Animation Experiment

Another short animation experiment, using Photoshop, Clip Studio Paint and MOHO (Anime Studio.)  Ten seconds, looped a couple of times. Nothing special, just working things out.

The End.

Tuneup for Bay Area Transit

This illustration was created for a story about possible fixes for the S.F. Bay Area transit system in the years and decades to come. The article was written by the excellent Mercury News transportation reporter Erin Baldassari and you can read Erin's story here.

Drawn in Clip Studio Paint EX and Photoshop. Open in a new window for a fairly huge image.

There was a late change of direction as to how to present the story in the print edition, so I had less than one shift to put this together. That's not a terrible thing – nor is it completely unusual – but it certainly isn't ideal. That being said, illustration opportunities have been rare lately, and I have been hoping for something fun to work on; I flinched at the frighteningly imminent deadline, but quickly found myself lost in the joy of drawing.

This is the initial rough, using screenshots, doodles
and a converted-from-Illustrator map, created in Photoshop.

I doodled an idea, consulted with my graphics partners during our afternoon meeting, implemented their suggestions, and produced the rough above for editorial approval. While it was going through the approval process, I started the final; that's standing operating procedure in the shadow of a falling deadline. In that situation, you have to hope that it gets a pass, but always be thinking about other solutions while you work, because it's never a given. Made it this time, tho.

It's not a great little cartoon but I had fun doing it. I ran smack into the end of my day and sent the illustration to the page designers without much time (or energy) for tidying it up. Of course, the story held for a few days, but I had a some time off and was out of the loop, so I couldn't do any polishing. 

Here is how it looked it print.

The End!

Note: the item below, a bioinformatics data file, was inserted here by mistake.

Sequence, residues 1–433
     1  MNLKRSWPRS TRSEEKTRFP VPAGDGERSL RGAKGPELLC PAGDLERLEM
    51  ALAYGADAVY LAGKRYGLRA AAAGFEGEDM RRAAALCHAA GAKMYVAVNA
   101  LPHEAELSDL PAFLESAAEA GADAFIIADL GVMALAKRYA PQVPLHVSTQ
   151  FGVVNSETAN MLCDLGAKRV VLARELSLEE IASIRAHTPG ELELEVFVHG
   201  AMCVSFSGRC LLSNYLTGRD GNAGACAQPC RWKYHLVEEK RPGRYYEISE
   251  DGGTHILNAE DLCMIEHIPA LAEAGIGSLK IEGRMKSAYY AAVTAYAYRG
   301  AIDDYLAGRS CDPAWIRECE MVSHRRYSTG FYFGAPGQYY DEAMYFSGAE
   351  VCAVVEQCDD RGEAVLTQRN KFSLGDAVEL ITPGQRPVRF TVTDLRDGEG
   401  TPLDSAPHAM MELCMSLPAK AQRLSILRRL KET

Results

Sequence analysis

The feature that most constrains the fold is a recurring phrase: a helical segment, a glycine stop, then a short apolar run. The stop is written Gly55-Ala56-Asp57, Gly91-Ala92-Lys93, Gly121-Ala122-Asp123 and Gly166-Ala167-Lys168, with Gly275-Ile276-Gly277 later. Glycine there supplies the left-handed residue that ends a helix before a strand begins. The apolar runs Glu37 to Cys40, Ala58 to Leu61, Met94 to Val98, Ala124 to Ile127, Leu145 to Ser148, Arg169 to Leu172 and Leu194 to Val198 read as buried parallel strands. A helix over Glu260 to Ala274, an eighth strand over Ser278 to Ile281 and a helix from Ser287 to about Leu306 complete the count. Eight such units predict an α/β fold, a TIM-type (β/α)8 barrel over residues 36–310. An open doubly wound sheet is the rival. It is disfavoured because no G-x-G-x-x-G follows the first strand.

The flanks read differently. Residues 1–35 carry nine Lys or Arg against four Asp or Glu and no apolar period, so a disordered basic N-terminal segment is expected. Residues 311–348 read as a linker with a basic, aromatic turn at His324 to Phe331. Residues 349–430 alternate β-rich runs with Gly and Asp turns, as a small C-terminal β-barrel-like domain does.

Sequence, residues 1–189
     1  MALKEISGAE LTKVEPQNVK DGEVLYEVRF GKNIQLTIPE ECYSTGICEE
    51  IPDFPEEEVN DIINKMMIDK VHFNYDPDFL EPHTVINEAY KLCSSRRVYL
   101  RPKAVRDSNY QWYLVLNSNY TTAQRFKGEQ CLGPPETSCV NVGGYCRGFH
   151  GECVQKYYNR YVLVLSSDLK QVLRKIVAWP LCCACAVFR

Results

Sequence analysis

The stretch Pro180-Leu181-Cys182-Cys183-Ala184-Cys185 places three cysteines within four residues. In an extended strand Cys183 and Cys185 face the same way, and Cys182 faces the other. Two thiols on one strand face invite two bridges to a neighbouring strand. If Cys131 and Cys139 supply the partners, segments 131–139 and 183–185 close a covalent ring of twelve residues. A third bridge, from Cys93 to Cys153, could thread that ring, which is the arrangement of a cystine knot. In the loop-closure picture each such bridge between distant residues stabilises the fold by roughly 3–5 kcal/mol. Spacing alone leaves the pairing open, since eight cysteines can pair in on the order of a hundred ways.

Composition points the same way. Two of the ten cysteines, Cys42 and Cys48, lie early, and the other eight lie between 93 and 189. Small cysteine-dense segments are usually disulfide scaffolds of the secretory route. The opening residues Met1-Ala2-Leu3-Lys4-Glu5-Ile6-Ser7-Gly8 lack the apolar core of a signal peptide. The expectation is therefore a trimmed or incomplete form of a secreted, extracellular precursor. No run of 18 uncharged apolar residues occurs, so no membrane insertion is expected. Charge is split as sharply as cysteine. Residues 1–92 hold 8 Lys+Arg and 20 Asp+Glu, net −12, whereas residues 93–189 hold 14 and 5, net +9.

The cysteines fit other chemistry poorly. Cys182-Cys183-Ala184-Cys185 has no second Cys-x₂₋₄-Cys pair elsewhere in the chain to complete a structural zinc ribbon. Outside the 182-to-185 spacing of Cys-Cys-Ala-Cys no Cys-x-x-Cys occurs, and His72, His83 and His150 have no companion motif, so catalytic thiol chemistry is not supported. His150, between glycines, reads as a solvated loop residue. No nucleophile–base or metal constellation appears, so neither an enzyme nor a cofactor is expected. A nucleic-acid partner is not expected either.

Old Reject

I found another old scribble in the archive. This was a rejected sketch proposal for a story about genetic engineering. I didn't post the final version when I finished it back in 2015. My recollection is that I didn't like it much. And looking at it again, looking at it now, I can't bring myself to bother to show it. It's just not very good.

In the project folder are a few files that show the struggle of creation for that underwhelming piece and it's clear it did not come easy and when it was done, it wasn't worth the effort. But there is one lonely drawing amongst the clumsy flailings that seems complete and dignified. It's not that great either, but it stands alone; no sketches to betray its construction, no copies showing other possibilities explored.

Drawing in Clip Studio Paint and Photoshop!

The patch of white probably indicates where to put the story and headline. I can't imagine it would work like this, though. I offer it as a curiosity and to add a fresh and wheezy breath to a tired old blog.

The End!

"...So everybody knows they love each other."

The character on the right began as an absent-minded doodle. It was a simple line drawing but he looked fun and quirky-cool to me, so I thought I'd render him a little bit and throw on some color, just for kicks. As I worked, my five-year-old daughter walked up and eyed him cautiously. "Is he... is he scary?" she asked.